Monday, March 31, 2014

Dharavi : A City Within A SuperCity


Mumbai, originally a group of seven marshy islands on the west coast of India and a fishing village until the 16th century, was ceded by the Mughals to the Portuguese in the 1630's. The city gained its momentum of development with the establishment of rail connectivity with the cotton producing areas in the latter half of the 19th century. By 1864, the city’s population was around 820,000. With the growing manufacturing units of the cotton textile industries, Mumbai became the second largest commercial center in India after Calcutta. After 1947, the growth of the port, the emergence of financial services, the development of national and international trade and setting up of various educational institutions has only empowered its growth and share in the Global economy.

While the commercial capital of India was writing history with its infrastructural and land developments, a small island known for its mangrove swamp areas – Koliwada (by the name of Koli fishermen residing the area earlier) – turned into one of the largest and densest slum of Asia - Dharavi. First the houses had stilts, and then the land was reclaimed little by little, and then built up brick by brick. In other words, it is a testament to the survival instincts of the poor – and the success of incremental development.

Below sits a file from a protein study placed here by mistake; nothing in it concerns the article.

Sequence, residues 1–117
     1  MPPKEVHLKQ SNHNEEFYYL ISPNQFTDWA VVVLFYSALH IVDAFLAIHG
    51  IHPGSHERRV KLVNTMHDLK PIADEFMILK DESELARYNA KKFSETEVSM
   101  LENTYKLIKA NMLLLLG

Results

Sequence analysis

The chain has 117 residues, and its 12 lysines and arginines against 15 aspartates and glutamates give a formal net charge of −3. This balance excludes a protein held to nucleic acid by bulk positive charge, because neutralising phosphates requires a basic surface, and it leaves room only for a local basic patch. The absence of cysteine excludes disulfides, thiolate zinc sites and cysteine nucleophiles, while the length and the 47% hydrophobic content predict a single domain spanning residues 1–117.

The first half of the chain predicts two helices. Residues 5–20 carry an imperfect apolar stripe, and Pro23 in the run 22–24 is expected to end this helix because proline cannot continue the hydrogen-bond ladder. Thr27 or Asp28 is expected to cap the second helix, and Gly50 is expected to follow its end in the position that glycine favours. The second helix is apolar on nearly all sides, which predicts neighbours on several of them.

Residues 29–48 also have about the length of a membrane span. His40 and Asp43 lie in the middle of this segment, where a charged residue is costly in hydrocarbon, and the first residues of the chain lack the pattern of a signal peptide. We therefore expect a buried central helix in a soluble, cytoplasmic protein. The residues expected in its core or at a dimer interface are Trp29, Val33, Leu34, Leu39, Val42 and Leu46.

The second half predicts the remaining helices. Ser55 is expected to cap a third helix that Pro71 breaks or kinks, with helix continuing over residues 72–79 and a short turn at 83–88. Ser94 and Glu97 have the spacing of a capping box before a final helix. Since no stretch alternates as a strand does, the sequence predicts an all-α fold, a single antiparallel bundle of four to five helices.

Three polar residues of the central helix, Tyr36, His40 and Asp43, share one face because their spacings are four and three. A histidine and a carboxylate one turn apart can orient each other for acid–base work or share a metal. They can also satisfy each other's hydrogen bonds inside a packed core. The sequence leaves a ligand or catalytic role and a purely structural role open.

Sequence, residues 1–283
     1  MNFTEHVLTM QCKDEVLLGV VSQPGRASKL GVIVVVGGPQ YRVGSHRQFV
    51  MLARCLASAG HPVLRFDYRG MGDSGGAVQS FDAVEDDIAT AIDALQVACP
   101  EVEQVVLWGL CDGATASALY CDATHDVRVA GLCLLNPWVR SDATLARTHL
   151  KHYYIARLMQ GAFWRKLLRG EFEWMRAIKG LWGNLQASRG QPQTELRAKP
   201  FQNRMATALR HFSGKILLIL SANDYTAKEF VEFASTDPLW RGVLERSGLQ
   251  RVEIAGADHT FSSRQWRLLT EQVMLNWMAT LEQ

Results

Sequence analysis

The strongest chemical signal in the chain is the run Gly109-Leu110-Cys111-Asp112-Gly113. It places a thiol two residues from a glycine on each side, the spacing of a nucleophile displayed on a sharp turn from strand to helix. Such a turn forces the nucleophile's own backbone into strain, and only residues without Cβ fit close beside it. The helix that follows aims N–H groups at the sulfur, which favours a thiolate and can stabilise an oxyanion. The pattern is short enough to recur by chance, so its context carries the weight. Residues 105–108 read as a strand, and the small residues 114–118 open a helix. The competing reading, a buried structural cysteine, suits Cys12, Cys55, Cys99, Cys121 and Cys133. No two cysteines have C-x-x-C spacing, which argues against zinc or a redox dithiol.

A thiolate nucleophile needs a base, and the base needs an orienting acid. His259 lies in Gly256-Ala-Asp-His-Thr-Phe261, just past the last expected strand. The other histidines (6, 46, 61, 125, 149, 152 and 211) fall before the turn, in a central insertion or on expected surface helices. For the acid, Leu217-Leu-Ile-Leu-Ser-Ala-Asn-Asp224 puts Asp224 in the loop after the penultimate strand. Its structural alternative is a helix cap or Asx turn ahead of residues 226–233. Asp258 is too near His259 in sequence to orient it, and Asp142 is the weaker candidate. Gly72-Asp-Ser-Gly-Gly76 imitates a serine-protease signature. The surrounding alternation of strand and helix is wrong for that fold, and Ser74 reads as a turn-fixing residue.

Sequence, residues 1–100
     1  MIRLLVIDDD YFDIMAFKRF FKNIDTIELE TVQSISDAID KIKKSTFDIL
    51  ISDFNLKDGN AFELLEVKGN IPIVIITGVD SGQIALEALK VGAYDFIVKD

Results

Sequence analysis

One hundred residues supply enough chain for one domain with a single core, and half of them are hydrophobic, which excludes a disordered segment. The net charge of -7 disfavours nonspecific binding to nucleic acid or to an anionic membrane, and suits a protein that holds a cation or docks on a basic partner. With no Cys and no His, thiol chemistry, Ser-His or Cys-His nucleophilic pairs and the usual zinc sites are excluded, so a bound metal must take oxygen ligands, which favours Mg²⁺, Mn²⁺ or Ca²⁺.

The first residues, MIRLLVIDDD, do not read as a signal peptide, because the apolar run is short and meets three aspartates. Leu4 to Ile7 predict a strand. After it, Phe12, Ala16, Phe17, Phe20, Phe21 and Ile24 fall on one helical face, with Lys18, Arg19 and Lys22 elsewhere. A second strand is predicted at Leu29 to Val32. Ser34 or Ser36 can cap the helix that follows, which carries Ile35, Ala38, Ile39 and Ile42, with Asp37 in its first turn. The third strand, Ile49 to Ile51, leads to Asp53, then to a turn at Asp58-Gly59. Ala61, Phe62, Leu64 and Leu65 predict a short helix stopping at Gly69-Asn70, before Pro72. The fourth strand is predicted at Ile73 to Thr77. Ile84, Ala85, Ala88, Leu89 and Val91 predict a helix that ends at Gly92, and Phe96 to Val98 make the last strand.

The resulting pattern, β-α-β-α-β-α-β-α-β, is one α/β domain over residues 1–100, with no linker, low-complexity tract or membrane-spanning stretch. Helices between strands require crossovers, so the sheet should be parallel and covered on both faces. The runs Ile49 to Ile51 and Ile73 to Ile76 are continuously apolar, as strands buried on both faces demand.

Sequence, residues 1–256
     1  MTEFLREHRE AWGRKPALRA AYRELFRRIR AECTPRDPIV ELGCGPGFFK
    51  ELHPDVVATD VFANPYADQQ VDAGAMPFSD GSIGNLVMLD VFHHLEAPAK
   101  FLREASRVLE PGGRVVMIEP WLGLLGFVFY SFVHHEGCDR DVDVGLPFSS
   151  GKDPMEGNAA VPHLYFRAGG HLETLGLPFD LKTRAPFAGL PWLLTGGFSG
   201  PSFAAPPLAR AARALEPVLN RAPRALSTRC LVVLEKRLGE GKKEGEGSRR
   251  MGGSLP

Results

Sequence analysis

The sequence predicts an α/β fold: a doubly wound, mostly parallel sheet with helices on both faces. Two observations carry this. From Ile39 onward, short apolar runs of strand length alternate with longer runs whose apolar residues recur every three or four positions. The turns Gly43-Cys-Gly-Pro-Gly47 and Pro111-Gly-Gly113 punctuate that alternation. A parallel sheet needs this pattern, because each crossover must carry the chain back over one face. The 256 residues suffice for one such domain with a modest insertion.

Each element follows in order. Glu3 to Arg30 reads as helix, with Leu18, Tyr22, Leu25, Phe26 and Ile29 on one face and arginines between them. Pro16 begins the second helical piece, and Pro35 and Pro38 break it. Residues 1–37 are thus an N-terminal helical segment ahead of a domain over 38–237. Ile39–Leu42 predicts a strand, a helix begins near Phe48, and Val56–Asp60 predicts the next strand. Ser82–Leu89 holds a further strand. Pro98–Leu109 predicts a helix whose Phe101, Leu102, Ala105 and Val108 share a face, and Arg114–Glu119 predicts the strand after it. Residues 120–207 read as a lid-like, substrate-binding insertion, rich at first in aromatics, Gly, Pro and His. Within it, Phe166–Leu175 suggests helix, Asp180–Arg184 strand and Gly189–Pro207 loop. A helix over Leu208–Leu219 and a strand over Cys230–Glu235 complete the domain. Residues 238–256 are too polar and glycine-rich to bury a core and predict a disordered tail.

It has an area of around 550 acres – less than a sq. Mile, A 1986 survey by the National Slum Dwellers Federation (NSDF) counted 530,225 people (106,045 households) living in 80,518 structures. These numbers have almost certainly increased as Mumbai currently takes in an estimated 230 newcomers a day. Dharavi, as one of the biggest affordable residential and economic centers, is likely to have absorbed a sizable proportion of that incoming migration. In a city where house rents are among the highest in the world, Dharavi provides a cheap and affordable option to those who move to Mumbai to earn their living.

Dharavi has an active informal economy in which numerous household enterprises employ many of the slum residents. It exports goods around the world. Leather, textiles and pottery products are among the goods made inside Dharavi by the slum residents. The total annual turnover has been estimated at over US$500 million.